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 Post subject: Neck setup and intonation for open tunings
 Post Posted: Mon Nov 27, 2006 6:02 am 
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Joined: Fri Mar 10, 2006 2:00 pm
Posts: 6
Location: Baltimore, MD
Perhaps someone can help me with a non-typical problem regarding neck setup and intonation. I'm a rather non-typical guitarist in that I'm not really a guitarist, despite being a talented composer and musician, and I do virtually all my guitar playing in open tunings.

I own a Ric 660/12 which I've had for about 8 months now, and recently acquired a 620/6. I tend to favor tunings ranging from open E or e-minor down to as low as d-flat-minor, and for recording purposes I'm frequently retuning to the most convenient key to create my music.

Both guitars are currently tuned to an open D, and I've been experiencing problems with intonation and what I believe is trussrod rattle. I took a look at the necks, and both guitars exhibit what I believe is called an underbow.

Okay, first I'm confused with the terminology and would understand it better to use the terms concave and convex in describing the condition. My understanding is that an underbow is what you've got if the fretboard as viewed from the front is concave, and an overbow is what you've got if the fretboard is convex. So my fretboards are both concave and I've got underbow, right? The apparent trussrod rattle is a symptom of an underbowed neck from what I've read, and to correct for it you increase trussrod tension by turning them clockwise to make the neck dead flat as Rickenbacker suggests. Have I got this much right?

Fine then, but if I do that with the guitars tuned to open D and get everything all nice and tidy, reintonate with the bridge adjustments, then what's going to happen when I want to tune them up to E again? Will I have overbow, or in my terms a convex fretboard?

In other words, how sensitive is neck adjustment to retuning the instrument to a variety of open tunings within a 3 or 4 semitone range?

Would I be better off setting the neck and intonation for the highest tuning that I expect to use, or should I aim for something in the middle of the expected range of tunings that I anticipate using?

Of course I know the real answer would be to learn to play the guitar in standard tuning and set them up that way, but please let's not go there...


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 Post subject: Re: Neck setup and intonation for open tunings
 Post Posted: Tue Nov 28, 2006 12:50 am 
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Joined: Sun Oct 08, 2006 6:07 am
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Originally, as in a century ago, guitars were adjusted for perfectly straight necks and medium to heavy strings, with high action for volume, as that's all there was. With electric guitars came the advent of lighter strings for comfort and string bending which meant less tension and greater string excursion. So necks on most electric guitars are slightly relaxed in setup, and it is called relief, underbow, concave, down curve, or whatever, to accomodate such. It varies from manufacturer to manufacturer and player to player, but generally if you press down on the 1st and last frets and can stick a small e string under the 8th or 10th fret or so, and maybe a little more on the low E side, you probably have about the right amount, give or take a few thousandths or quarter-turn of the truss rod nut.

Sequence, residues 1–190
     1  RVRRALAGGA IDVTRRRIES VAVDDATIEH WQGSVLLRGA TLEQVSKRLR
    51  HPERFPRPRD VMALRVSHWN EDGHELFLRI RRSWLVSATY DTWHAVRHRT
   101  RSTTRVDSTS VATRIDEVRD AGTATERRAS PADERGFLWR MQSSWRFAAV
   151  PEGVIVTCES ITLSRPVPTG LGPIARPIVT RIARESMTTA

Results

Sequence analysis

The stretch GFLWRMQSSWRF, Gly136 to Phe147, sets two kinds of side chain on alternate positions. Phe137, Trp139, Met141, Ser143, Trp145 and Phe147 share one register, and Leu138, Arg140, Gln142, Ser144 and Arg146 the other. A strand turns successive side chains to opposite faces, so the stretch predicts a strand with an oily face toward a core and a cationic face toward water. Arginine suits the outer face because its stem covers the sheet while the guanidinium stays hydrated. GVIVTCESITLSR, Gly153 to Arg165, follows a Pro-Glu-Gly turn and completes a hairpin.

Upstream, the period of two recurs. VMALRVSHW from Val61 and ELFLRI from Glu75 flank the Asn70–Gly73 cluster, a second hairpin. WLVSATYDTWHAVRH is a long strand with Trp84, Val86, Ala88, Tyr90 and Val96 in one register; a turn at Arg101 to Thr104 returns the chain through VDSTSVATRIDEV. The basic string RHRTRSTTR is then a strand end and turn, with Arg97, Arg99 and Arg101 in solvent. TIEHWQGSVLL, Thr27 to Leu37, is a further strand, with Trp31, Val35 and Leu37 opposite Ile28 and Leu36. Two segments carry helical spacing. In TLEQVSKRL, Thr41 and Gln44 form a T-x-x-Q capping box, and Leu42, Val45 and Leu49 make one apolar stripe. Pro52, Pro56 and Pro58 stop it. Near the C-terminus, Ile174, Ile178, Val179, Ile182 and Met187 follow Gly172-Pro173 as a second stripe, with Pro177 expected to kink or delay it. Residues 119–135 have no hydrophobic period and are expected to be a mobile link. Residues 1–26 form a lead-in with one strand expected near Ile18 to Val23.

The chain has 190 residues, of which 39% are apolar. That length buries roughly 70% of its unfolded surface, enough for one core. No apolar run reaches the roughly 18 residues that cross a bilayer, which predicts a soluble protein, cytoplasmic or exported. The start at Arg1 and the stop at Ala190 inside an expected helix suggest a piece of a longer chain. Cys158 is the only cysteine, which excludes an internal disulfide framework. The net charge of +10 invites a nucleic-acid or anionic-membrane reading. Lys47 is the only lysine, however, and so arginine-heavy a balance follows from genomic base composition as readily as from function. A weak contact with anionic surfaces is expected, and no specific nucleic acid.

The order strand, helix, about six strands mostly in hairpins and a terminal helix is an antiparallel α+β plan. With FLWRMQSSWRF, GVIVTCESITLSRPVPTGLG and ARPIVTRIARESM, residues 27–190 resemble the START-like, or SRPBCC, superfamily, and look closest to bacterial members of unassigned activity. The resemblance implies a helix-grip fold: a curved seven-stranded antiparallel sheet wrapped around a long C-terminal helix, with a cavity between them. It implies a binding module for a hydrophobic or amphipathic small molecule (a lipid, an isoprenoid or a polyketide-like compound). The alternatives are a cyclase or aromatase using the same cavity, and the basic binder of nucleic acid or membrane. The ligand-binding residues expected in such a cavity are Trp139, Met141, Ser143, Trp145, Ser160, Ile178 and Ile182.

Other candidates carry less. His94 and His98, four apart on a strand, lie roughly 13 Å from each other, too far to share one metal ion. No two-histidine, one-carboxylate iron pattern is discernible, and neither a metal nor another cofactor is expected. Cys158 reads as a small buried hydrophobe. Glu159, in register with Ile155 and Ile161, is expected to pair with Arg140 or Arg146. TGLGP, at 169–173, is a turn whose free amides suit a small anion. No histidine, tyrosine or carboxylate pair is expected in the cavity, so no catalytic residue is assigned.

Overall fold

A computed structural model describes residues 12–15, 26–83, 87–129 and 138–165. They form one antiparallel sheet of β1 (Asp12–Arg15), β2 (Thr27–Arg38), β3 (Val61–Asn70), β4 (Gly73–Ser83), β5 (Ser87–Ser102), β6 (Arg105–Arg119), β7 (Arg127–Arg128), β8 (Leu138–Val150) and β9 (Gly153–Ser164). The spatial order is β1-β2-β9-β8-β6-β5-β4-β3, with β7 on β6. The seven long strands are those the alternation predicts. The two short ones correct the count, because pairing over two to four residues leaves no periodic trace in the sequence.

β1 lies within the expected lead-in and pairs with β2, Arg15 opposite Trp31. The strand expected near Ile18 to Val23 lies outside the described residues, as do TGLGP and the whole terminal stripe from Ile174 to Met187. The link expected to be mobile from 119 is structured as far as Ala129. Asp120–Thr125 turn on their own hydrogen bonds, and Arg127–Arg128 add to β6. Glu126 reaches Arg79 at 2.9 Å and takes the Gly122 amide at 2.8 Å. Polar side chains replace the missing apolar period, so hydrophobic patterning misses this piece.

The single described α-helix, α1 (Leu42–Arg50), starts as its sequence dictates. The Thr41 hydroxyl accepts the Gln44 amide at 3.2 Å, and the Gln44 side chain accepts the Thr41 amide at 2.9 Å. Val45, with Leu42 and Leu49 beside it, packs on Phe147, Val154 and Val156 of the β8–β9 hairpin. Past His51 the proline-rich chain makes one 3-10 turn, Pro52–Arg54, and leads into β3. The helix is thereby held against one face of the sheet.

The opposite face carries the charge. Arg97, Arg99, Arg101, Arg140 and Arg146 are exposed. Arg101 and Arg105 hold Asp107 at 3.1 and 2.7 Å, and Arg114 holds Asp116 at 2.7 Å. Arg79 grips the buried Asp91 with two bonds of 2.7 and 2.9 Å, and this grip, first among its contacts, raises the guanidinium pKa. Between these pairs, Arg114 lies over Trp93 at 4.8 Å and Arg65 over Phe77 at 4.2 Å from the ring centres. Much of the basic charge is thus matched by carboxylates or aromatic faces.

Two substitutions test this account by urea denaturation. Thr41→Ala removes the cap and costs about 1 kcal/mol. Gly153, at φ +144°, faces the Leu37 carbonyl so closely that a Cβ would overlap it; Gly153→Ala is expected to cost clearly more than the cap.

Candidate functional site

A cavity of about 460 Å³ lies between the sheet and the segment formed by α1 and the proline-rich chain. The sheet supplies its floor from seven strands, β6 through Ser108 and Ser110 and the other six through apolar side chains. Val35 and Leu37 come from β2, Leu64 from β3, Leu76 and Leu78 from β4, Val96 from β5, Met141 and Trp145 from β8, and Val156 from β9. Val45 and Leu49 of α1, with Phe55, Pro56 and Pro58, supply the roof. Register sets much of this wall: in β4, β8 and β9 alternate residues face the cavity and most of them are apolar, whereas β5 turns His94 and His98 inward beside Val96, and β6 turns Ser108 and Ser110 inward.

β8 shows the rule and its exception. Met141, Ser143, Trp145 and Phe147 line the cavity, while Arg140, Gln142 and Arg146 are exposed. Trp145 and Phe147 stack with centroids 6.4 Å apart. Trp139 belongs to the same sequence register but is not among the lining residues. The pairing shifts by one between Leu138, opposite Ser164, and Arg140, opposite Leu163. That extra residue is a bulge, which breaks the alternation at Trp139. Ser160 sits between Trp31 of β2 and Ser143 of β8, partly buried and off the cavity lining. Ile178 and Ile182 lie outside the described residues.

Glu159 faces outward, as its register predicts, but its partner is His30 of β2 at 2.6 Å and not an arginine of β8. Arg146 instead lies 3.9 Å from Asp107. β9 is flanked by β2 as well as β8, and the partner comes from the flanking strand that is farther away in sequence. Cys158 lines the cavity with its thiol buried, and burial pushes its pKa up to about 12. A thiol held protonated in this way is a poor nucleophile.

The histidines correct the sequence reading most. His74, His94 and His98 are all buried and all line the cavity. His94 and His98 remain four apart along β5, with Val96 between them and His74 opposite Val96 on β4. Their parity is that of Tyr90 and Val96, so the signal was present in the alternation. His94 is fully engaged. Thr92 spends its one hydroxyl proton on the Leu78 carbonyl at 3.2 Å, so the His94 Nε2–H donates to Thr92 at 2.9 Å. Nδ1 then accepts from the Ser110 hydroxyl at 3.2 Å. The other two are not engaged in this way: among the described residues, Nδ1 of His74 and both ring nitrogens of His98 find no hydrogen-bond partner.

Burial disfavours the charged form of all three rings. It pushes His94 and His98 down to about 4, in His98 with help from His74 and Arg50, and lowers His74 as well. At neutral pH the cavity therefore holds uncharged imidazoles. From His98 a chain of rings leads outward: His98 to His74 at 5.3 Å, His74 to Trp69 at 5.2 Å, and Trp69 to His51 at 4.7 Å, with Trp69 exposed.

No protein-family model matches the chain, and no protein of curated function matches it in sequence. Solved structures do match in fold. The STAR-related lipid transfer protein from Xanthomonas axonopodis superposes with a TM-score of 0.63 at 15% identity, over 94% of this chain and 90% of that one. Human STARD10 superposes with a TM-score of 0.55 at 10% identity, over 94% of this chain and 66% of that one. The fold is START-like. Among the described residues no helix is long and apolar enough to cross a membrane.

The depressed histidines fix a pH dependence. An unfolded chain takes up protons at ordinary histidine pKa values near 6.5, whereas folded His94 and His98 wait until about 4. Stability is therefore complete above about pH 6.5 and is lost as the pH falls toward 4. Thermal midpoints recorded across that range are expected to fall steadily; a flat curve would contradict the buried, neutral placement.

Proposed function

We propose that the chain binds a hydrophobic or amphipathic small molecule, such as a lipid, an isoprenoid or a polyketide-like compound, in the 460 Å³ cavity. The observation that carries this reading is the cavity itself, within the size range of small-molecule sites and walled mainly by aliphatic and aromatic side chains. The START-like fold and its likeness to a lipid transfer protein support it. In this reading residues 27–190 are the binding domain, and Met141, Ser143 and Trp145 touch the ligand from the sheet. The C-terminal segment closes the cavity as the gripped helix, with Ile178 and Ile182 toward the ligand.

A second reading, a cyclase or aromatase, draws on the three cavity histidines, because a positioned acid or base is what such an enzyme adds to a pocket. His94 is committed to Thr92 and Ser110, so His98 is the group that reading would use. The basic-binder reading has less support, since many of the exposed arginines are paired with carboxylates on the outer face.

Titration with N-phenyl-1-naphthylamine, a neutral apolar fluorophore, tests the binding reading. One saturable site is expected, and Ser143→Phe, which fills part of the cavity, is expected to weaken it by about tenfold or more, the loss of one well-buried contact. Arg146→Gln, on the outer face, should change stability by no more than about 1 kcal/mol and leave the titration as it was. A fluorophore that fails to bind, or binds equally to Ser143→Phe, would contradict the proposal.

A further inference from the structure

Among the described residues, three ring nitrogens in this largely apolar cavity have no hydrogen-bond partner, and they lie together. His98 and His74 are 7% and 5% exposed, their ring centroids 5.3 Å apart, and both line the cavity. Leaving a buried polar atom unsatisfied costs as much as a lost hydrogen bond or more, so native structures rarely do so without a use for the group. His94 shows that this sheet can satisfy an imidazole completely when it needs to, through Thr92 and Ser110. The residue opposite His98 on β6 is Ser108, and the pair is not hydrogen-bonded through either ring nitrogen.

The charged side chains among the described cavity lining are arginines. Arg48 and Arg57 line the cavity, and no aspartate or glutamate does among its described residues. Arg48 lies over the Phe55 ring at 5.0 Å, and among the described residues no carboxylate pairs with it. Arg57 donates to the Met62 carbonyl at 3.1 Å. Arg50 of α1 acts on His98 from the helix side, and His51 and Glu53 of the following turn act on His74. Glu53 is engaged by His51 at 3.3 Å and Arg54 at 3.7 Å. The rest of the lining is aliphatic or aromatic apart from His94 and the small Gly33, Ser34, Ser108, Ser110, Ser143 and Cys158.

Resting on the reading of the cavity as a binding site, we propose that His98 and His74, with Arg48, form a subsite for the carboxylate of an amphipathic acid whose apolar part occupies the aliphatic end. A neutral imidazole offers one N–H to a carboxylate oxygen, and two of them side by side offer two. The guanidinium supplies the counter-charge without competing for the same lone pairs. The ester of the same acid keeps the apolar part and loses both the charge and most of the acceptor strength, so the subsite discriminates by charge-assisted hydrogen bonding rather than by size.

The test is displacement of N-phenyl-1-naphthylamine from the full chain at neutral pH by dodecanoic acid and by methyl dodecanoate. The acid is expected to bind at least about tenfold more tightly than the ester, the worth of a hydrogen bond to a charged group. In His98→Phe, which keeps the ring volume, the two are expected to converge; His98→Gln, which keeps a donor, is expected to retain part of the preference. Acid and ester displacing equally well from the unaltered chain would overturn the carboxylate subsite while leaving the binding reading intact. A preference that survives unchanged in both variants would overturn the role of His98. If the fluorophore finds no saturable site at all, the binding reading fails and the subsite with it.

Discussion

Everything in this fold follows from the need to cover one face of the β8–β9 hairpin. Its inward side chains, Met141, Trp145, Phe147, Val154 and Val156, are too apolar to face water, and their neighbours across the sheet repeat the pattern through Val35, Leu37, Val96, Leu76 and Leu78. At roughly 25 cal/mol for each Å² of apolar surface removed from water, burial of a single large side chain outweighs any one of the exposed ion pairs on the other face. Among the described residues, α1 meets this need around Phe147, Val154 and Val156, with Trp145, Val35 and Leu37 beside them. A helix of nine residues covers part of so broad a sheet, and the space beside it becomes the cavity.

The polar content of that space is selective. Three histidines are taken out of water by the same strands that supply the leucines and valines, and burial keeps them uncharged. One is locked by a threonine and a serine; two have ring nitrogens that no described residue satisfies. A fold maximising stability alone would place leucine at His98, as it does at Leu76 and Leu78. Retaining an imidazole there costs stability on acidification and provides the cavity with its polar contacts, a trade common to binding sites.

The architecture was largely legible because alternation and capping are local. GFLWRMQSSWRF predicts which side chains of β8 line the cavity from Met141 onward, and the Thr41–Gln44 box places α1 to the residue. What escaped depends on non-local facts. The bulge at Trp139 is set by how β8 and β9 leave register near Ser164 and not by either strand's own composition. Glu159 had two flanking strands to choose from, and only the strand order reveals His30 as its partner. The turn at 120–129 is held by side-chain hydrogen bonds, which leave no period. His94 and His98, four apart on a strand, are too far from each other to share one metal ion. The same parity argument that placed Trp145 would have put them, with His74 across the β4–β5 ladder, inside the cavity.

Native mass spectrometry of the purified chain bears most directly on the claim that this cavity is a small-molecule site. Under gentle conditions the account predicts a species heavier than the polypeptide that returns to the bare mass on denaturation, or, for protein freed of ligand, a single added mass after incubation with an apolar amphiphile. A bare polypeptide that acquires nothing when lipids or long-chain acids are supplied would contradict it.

One thing that hasn't changed is that guitars are designed for the player to decide on a tuning, brand and gauge of string and stick with it. Guitars don't like to be constantly adjusted. If you're only tuning down, say just the low E string to low D for a couple of songs, it's not enough to matter, but if you are changing entire tunings, say from open G to open D or A, it can stress the neck. Not that it will, but it can. Since the neck and truss rod are by design slightly flexible to accomodate adjustment, if you must change tunings mid stream, set the intonation to a happy medium, but set the truss rod and action to the loosest, meaning the tuning with the least tension, you will use. That way, when you tighten the strings, you will get slightly more relief, which the only thing it will do is make the guitar a little more difficult to play. If you set the truss rod for the tightest setting or a middle setting, when you loosen the strings, the neck will want to backbow from the lessening of string tension on the truss rod and cause string buzzing on the frets, and too much backbow means you risk the truss rod rubbing the fingerboard, causing even more stress and possible popping off of the fingerboard. Yes, this is an extreme case, but I've seen misadjusted truss rods that did just that. Also, make sure you keep the tunings close to each other so that the overall tension is changed as little as possible.

Better yet: if you get really good at your different open tunings, all the more reason to purchase more Ricks, and have one set up for each tuning!


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 Post subject: Re: Neck setup and intonation for open tunings